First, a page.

May Says Boeing Undermining Ties With U.K. Over Bombardier

Updated on
  • ‘Not the kind of behavior we expect from a long-term partner’
  • U.K. prime minister comments after speech at Bank of England

A passenger aircraft, manufactured by Bombardier Inc takes off at London City Airport.

Photographer: Simon Dawson/Bloomberg

Prime Minister Theresa May hinted that Boeing Co. risks future contracts with the U.K. if it continues to press its case against Bombardier Inc., which employs more than 4,000 people in Northern Ireland.

Speaking after a preliminary U.S. Department of Commerce ruling placed punitive import duties on Bombardier aircraft after a dispute over state subsidies, May said she is working with the Canadian government and leaders from across the political divide in Northern Ireland for a solution.

Theresa May on Sept. 28.

Photographer: Simon Dawson/Bloomberg

“We have a long-term partnership with Boeing, in various aspects of government, and this is not the kind of behavior we expect from a long-term partner and it undermines that partnership,” May said after a speech at the Bank of England in London on Thursday. Her focus is on “how we can work together to impress on the American government the importance of Bombardier to Northern Ireland.”

May’s intervention echoes comments by Defence Secretary Michael Fallon and reflects growing frustration in government over the failure to broker a solution.

High Impact

The dispute is potentially highly damaging to May, who relies on the support of 10 lawmakers from Northern Ireland to keep her Conservatives in power. And the fact that her lobbying of Donald Trump brought no obvious results has raised questions about the post-Brexit free-trade deal with the U.S. that both countries say they are keen to secure.

“A prime minister betting our economic future on a deregulated trade deal with the U.S. might want to explain how 220 percent tariffs are going to boost our exports,” opposition Labour Party leader Jeremy Corbyn said in a speech on Wednesday. “If the special relationship means anything, it must mean that we can say to Washington: that way is the wrong way.”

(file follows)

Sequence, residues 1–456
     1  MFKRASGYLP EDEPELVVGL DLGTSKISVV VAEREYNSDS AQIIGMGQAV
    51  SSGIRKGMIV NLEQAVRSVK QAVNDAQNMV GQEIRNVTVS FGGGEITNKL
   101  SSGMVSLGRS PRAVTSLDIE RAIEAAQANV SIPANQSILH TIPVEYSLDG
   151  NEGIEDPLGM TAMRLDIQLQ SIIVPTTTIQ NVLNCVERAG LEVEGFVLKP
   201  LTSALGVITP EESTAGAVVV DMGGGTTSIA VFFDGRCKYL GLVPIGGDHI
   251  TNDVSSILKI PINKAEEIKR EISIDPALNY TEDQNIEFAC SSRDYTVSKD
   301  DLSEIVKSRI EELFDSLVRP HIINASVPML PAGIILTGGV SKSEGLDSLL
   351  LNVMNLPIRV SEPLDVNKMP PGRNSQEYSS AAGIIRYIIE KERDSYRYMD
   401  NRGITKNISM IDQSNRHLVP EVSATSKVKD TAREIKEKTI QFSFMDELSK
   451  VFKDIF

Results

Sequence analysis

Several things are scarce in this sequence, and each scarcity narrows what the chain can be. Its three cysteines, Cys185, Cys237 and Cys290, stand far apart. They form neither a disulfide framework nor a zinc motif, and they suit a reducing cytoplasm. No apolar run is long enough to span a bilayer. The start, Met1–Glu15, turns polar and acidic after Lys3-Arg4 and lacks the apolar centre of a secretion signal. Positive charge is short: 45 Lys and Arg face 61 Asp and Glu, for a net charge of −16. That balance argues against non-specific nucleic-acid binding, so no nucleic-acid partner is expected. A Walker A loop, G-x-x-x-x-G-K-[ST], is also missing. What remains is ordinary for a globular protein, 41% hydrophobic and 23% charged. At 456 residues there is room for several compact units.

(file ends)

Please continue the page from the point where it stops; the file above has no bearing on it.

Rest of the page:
While Bombardier employs 4,000 in one of the most politically sensitive parts of the U.K., a conflict with Boeing also risks jobs.

The Chicago-based company, which sells Apache attack helicopters, Chinook transports and surveillance planes to the British military, supports more than 18,700 jobs either directly or though its supply chain, it said in a statement posted on its website. The company also "broke ground" this month for a factory in Sheffield, northern England, its first in Europe.

Protectionism Alert

In her speech at the U.K. central bank, May mounted a staunch defense of free markets and later warned of “aspects of protectionism creeping in around the world.”

“I want the U.K. to be a global champion of free trade, because I think those of us who believe in free trade need to stand up, not just explain its wider benefits, but help to explain its benefits to individuals,” she said.

Bombardier is the largest manufacturing employer in Northern Ireland, the poorest of the U.K. regions. The province has struggled to grow its economy after decades of sectarian conflict and it continues to be plagued by political difficulties.

At over 5 percent, unemployment in Northern Ireland is well above that of the U.K. as a whole and gross value added per head is almost 30 percent below the national average.

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